I don't agree with him that artists and coders are everything it takes to make a game nowadays. Producers are important to stay within budget and for paper work and such. But i'm not sure that's the kind of management he means. I think some companys have actual managers for their creative staff who just sit there and overlook work like slave holders. This indeed sounds like a very silly and counter productive thing.

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i attest to everything that guy says except that middle management is pretty much safe from getting fired because they do the firing !

at my current "dayjob" the turn over in the middle management area is huge but thats probably because the UBERBOSS still sees whats going on in the trenches and always blames the manager of a team and never the team itself ! if the boss was not in the same building or maybe not even in the same country that this shit will inevitably happen !

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It's true but everywhere will differ slightly so it's a bit generalised

Producers are needed, general managers are the bigger problem because they just move around information to the rest of the team often not understanding what or why a decision was made.

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Quite a popular topic this week...

I read about EA Louse and the Bioware lay-offs today and be it a rant or not, he/she stirred up some dirt about how the high-ups couldn't manage their game as well...

This reply to the blog struck me the most:

No, naming names is a good thing, and F*@K their lively hood. This industry is littered with parasites that need to be purged. I’m sicking of working with “designers” and producers that couldn’t manage a charity car wash.

I guess things like that only happen in the biggest of big studios? I wonder how much money hungry people there are in management positions, what happened to: let's make a great game :(

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It's an overgeneralizing rant (as all rants) so it's painting a skewed reality with a large brush.

Where I agree is that your middle management should absolutely always emerge from the production ranks, so they know who and what they're dealing with. There is absolute great value in leads/managers and producers that have made games themselves because they won't be easily BS'd by slackers and will push for the right things at the right time.

Looking back, the best games I've worked on were always headed by such people. Assassin's Creed 2 for instance was such an elite group of people that none of the meddling with publishers ever came down to my level. Because in reality it was kept to a very minimal impact. Both by people on the team that knew what they were doing to perfection and because the publisher trusted those guys and no one else to deliver a game like AC2. It helps that the team was literally an insider to the publisher. When the head of publishing sits down with the team, things that could take weeks to know about get solved in hours.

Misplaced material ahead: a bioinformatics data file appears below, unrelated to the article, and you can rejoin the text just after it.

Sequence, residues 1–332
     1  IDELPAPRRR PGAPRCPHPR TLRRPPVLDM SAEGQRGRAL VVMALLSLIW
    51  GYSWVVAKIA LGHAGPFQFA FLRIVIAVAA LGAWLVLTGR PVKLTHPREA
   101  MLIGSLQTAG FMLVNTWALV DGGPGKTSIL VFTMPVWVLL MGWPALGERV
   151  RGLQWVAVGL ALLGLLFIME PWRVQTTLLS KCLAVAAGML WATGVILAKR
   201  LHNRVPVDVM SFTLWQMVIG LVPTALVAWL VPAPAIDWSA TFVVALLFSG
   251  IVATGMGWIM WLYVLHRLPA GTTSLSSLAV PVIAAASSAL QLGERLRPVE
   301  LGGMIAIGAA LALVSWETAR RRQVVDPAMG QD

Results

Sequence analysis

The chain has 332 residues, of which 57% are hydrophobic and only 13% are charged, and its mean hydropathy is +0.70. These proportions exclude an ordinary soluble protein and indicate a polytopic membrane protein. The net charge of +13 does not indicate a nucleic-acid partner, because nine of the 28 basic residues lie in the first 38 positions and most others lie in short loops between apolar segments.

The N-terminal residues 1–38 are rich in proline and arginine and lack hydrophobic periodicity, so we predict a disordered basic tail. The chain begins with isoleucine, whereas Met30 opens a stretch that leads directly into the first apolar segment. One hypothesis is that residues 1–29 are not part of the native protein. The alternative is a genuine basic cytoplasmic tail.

The more you work in this industry, the more you realize that faults are on both sides. The publisher's and the developer's. It usually starts with the developers lying to their heart's content about their capacity to make a game/feature in time and in budget so they can secure their budget. Due diligence should always be key, but publishers themselves aren't necessarily all that savvy about the business (the suits come from all sorts of other industries) and they're just happy to see something that looks good on a screen.

The worst games to work on are the ones where the producer comes back from securing funding then asks himself : "How the hell will we make that game now?"

The future to me lies in self publishing on one side for small teams, and the continuation of massive AAA teams internal to the publishers with a very close collaboration. In both cases it fills the gap between publishers and developers and that can only be a good thing. The games and studios that have been successful for a few years have all followed this

Valve (self published, self developed)

Naughty Dog (Internal team to Sony)

All indie darlings of the past 3-4 years (self published or in the case of ThatGameCompany, something similar to internal team)

Sony Santa Monica

Rockstar (internal teams that can get all the publishing they need like GTA and RDR)

Ubisoft Montreal and soon Toronto

Bioware (they're good enough on their own to have all the publishing support they need)

Bungie (very close publishing partners with Microsoft on Halo of course)

Crytek (which partnership with EAP makes them able to make the games they want to make, with all the publishing muscle EA can have)

Infinity Ward (despite the way it ended, their partnership with Activision was absolutely the source for the galactic success of the MW series)

Let me be clear, this close relationship is absolutely necessary, yet should always remain a balancing act without any sort of corporate lackey that just aims to please the other side and not watch for his own best interest and that of his team. The best work will come from those sorts of work relationships, much like it does on every level of the production as good ideas are born from regular ideas everyone has. It's all about balancing both goals and ideas while always keeping the vision of the project intact.

And the people that can do that, the executive producers and creative directors that can do that for their production team, are worth all their weight in gold and much much more. As someone who has worked with two such individuals, I can only wish that everyone get to experience it one day.

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Excellent post Furyo.